It is more economical to feed poultry that have had always a generous diet, than to endeavour to feed and then cram those that have been kept at the point of starvation. The food for bringing turkeys to the degree of excellence and flavour which we expect at our Christmas feast, is or should be composed of sodden oats or barley, oatmeal, barley-meal, boiled vegetables - turnip-tops, cabbage, nettles - and a little wheaten flour, all well kneaded into a paste, with the addition of rice boiled in skimmed milk. This description of food will render them juicy and white and fit for the spit in one month from the day of really commencing to feed. Very many people cram them, but turkeys are so ravenous that cramming is quite unnecessary. They should be fed near home, as travelling for food when fattening robs them of their flesh. It is of great assistance in fattening the turkey, if melted suet or refuse of tallow be mixed with their food; if unable to procure tallow-refuse, linseed-meal may be added. A little oilcake sparingly administered we have known make fat rapidly. Do not overdo it, as it may induce a flavour in the bird.

On no account give turkeys pigeons' food, such as peas, vetches, or tares; although a favourite food of the pigeon it is poison to a turkey.

The Common Turkey.

The Common Turkey.

Having tried to impress upon the turkey-feeder the care he should take with the young brood, attention must also be paid to them as they grow to maturity. They are liable to the diseases common to poultry in general: care is the best doctor, and attending to the simple remedies given on the subject of fowls, will in most instances be sufficient. A good lock is almost an essential for the turkey-house, as great disappointment would be experienced as well as a great loss incurred, if at the last moment your turkeys, fit for table, were appropriated by some midnight marauder, either biped or quadruped. The fox is very partial to a good fat turkey, and although in some places subscriptions are raised by the advocates of fox-hunting to defray losses caused by Reynard's attacks on the poultry-yards, it is but a poor satisfaction to know that all one's anxiety and trouble in rearing a brood, have been solely for the benefit of Mr. Reynard, the fox.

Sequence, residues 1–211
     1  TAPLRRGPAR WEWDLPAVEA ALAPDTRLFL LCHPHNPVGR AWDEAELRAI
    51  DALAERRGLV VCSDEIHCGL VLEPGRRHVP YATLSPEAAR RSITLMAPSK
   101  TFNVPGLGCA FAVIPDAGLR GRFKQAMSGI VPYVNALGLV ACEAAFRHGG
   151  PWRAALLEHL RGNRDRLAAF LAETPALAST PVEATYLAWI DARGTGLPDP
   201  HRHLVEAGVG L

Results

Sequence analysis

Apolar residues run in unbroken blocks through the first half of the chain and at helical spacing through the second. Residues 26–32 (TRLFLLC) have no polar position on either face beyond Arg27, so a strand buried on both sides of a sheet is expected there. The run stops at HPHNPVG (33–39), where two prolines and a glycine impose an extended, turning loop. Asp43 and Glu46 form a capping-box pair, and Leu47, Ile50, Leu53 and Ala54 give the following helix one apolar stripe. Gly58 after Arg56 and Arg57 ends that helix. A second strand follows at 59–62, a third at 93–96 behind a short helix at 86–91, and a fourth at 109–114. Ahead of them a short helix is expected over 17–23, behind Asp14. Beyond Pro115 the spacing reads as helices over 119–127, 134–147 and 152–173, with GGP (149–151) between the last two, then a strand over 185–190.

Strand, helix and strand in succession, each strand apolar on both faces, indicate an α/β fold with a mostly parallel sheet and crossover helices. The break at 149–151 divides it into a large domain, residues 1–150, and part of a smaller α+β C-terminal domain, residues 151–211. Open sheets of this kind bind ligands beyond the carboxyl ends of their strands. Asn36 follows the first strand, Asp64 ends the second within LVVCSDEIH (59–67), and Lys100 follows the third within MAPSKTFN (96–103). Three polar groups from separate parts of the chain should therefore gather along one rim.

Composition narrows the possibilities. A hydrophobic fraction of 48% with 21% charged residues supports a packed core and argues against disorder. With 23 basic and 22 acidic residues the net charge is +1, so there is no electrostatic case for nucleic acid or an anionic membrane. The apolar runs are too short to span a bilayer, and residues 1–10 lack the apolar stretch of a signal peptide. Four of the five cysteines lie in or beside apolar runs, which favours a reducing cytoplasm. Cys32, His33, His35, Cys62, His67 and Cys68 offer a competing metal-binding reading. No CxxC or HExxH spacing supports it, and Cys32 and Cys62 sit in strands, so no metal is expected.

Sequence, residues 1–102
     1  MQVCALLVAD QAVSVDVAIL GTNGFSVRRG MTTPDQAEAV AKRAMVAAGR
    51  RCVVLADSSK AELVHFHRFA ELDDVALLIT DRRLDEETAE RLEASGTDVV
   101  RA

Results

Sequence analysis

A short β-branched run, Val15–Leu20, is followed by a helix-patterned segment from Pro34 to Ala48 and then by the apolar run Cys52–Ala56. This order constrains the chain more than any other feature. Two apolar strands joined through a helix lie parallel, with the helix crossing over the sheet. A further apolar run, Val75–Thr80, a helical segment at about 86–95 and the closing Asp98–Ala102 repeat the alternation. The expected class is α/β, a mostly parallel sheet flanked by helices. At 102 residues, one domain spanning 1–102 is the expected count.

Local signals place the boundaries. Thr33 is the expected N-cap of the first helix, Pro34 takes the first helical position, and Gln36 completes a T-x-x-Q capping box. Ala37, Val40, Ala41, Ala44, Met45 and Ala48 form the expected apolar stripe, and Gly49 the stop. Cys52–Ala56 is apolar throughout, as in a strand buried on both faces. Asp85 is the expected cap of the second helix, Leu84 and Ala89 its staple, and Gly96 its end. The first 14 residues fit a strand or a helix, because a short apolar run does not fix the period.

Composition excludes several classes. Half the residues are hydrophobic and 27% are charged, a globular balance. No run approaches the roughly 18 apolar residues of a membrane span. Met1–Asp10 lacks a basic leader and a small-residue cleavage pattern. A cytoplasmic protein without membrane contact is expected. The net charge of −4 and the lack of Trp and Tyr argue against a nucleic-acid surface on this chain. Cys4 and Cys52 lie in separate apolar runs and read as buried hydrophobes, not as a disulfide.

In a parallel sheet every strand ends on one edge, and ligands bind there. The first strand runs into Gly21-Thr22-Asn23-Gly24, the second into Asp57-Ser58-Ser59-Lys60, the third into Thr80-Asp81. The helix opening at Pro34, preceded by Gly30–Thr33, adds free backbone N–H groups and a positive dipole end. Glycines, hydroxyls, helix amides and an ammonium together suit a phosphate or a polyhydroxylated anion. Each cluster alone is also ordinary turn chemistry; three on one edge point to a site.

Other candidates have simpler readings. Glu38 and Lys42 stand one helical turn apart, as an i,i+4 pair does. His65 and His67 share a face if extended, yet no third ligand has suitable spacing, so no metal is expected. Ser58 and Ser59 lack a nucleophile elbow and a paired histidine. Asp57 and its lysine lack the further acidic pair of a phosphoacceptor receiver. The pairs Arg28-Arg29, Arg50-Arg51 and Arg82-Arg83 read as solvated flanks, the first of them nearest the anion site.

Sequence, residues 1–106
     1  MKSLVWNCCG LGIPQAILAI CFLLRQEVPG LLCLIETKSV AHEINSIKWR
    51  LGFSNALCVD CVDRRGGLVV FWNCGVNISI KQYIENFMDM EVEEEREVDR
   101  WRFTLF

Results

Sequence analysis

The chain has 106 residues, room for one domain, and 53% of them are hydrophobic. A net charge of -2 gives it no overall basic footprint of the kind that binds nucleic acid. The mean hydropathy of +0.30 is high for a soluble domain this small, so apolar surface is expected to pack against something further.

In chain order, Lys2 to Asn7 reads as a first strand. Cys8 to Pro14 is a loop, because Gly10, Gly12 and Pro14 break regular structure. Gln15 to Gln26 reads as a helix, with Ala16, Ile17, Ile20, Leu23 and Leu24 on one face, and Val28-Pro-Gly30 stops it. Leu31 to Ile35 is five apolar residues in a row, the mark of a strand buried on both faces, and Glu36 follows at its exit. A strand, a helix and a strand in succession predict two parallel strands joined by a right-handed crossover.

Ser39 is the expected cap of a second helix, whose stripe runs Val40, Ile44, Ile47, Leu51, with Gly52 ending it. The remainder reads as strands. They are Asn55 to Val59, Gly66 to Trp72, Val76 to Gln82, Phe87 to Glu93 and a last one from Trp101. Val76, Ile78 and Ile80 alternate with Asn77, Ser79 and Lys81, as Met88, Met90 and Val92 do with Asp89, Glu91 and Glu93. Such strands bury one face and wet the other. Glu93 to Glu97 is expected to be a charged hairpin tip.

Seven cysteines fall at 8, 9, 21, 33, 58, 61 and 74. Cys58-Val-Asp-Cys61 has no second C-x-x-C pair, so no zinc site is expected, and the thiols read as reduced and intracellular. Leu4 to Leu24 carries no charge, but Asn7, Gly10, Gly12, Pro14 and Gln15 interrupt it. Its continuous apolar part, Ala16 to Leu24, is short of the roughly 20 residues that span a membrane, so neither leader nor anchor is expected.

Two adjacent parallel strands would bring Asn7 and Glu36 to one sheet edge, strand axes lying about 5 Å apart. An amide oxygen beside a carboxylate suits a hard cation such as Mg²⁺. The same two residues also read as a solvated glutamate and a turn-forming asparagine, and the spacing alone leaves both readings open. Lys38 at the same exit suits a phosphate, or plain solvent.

Turkeys may be made to attain almost any size; they often reach the enormous weight of twenty-five pounds. In some instances (rare ones, though) they have weighed ten pounds more. Norfolk turkeys are generally in great request, but if you start with a good stock, feed them well, and pay attention to them, whatever county or town you live in, you will not be ashamed to show your turkeys, either for size or flavour, with the best raised in that famous turkey district. The eggs are considered very delicate eating, and as the hen sits only once, one sitting occupying thirty days, you may have an abundant supply for home consumption and for disposal. Turkeys vary in colour: the best and strongest are the green looking black - they approach more closely to the wild bird in colour some are pink-white, others speckled brown and while, but the hardiest and the easiest to fatten is the dark description of bird.